The midterm elections are over — hooray! But nobody's catching a break from our national shit-show. The race for 2020 is on like Fox News in a waiting room! Jeff Sessions is out as Attorney General! The Constitutional Crisis Clock is now set at one minute 'til midnight. Everything only gets worse. Wouldn't you like to get away? Maybe spend some time in a place a little more like Norman Rockwell's
America? Only funny
I've seen The 25th Annual Putnam County Spelling Bee
too many times. The jokes shouldn't work. But they do. The Tony-winning one-act combines all the elements of a traditional musical with all the unexpected surprises of improvisation and audience participation. It's the rare show that can be exactly the same from night to night while providing a completely different user experience from audience to audience
The musical's characters represent a broad spectrum of adolescent privilege and insecurity. Chip's been told he's not so smart. Olive made friends with a dictionary because her parents were never there for her. Even perfect Miss Marcy Park who plays piano, twirls baton, speaks six whole languages, and spells like a champion is struggling with the personal cost of overachievement. Angst, acne, and unfortunate erections are on parade. It's only a fraction of the freaky, geeky goodness packed into one of the most purely entertaining musical comedies of the past two decades.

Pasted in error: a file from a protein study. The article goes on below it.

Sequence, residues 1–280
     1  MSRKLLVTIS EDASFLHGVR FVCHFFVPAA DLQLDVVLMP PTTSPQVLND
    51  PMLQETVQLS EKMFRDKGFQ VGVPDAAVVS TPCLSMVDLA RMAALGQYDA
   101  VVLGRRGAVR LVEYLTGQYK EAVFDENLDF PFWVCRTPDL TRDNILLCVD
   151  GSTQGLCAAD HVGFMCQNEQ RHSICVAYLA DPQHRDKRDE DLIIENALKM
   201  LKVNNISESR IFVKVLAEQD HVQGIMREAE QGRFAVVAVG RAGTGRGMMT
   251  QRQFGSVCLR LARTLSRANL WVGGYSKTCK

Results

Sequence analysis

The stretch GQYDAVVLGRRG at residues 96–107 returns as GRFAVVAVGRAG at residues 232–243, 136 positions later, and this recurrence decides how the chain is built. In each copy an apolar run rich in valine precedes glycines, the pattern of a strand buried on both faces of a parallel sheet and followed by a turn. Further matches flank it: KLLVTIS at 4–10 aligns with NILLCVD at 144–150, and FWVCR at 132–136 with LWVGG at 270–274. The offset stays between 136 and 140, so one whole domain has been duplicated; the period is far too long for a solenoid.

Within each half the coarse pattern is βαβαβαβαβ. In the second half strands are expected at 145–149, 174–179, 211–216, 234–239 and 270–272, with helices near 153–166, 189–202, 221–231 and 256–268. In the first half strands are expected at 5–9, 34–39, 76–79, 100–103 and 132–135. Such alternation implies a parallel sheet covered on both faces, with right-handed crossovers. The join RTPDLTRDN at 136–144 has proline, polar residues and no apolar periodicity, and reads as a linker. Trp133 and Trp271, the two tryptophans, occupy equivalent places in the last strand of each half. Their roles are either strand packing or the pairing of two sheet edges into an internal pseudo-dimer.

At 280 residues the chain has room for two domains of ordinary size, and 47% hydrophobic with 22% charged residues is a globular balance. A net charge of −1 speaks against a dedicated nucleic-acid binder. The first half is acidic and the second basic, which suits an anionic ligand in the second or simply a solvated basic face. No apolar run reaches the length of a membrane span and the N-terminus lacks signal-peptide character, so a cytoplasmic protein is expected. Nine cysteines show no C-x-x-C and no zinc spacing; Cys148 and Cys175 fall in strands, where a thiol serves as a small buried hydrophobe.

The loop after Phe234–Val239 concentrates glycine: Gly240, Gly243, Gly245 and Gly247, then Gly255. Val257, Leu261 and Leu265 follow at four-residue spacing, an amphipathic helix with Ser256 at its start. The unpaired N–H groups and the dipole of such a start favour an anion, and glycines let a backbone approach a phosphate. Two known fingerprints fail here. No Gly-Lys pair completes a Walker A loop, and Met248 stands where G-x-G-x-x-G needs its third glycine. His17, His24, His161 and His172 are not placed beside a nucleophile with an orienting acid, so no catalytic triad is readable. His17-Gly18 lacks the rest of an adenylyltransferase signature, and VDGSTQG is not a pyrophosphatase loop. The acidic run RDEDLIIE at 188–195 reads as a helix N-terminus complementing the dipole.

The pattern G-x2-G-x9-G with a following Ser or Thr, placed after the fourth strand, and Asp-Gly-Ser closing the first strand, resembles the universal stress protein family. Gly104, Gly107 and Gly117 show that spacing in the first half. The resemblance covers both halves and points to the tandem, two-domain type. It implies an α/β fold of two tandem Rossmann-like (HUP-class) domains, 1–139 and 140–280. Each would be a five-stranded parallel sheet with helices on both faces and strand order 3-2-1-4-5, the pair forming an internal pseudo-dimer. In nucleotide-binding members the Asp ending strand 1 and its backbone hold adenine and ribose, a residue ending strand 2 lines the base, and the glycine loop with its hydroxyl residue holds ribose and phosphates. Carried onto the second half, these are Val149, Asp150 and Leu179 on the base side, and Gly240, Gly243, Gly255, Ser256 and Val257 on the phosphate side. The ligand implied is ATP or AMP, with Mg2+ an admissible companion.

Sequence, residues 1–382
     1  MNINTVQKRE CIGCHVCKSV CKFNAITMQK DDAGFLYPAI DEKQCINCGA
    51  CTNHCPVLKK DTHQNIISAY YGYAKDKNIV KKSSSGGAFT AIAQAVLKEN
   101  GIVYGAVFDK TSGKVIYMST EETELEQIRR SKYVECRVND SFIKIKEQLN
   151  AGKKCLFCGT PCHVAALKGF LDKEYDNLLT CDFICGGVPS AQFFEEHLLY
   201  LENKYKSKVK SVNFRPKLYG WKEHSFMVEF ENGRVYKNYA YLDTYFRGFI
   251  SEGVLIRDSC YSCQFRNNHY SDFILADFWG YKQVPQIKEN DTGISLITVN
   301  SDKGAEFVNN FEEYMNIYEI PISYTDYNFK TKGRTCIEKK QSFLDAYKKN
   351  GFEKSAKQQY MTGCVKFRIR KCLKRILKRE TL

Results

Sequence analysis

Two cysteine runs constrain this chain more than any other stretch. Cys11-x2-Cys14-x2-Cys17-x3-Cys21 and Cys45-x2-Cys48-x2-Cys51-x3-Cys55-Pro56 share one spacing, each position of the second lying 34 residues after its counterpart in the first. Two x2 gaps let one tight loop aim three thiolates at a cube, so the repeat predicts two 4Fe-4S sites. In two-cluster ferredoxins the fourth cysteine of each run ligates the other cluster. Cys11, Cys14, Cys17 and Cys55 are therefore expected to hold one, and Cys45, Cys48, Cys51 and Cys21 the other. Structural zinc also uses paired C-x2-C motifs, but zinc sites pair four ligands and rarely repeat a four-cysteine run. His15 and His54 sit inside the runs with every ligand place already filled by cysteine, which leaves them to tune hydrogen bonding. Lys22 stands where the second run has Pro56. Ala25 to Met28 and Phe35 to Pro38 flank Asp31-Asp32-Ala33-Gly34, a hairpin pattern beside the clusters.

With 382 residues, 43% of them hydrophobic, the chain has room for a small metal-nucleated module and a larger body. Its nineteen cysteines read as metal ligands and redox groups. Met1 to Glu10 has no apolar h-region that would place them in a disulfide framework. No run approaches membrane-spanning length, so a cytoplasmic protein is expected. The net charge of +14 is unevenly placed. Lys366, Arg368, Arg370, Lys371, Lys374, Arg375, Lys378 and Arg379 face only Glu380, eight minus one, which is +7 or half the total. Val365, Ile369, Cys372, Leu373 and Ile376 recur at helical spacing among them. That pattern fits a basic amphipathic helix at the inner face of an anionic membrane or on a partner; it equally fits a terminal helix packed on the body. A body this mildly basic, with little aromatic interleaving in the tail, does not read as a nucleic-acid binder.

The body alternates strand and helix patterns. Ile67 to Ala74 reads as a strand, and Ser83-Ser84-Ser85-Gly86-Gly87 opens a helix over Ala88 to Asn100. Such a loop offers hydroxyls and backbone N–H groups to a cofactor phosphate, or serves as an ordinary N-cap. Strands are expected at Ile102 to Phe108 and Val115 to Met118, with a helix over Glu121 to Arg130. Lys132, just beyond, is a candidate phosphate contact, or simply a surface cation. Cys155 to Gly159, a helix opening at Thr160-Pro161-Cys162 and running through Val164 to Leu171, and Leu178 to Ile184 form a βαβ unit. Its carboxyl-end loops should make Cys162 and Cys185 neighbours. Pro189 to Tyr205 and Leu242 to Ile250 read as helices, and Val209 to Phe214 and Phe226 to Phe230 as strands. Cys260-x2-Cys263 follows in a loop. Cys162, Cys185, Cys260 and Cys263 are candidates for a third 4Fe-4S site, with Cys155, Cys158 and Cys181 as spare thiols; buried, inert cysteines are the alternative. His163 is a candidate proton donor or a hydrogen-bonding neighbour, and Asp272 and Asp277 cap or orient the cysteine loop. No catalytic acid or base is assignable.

's an actor-driven show. It's the kind of thing a solid company of players could do well with almost no physical resources. But that's not how Theatre Memphis rolls. It's certainly not how director Cecelia Wingate (usually) rolls. This one's a monster of detail with Jack Yates' immersive set dropping audiences on the sidelines in a school gym so convincing you can practically smell the tube socks. Lighting designer Mandy Heath skillfully, and unobtrusively illuminates a good, old, cutthroat American spelling bee. If you ever went to school, you know all these kids. And you know right away, there will be blood. And hugs. And juice boxes.
Something about this modest ensemble show always brings out the best in character actors. Theatre Memphis' production is no exception. Jenny Madden, Jimbo Lattimore, Jared Johnson, Ryan Gilliam, Javier Peña, Nichol Pritchard, and Miranda Tonkin all give fun, first-rate performances. But there's a little something extra that happens between Kevar Maffitt's unapologetically weird William Barfee and Jenny Wilson's nearly spectral take on poor Olive Ostrovsky, who seems to have fled some awful story narrated by Lemony Snicket. He's over-the-top. She's just barely there. Together they're perfect.
Did I mention at any point that everything is awful? Because that's not correct. The 25th Annual Putnam County Spelling Bee
is anything but awful. If anything, it's an antidote for awful. While you're watching it, anyway.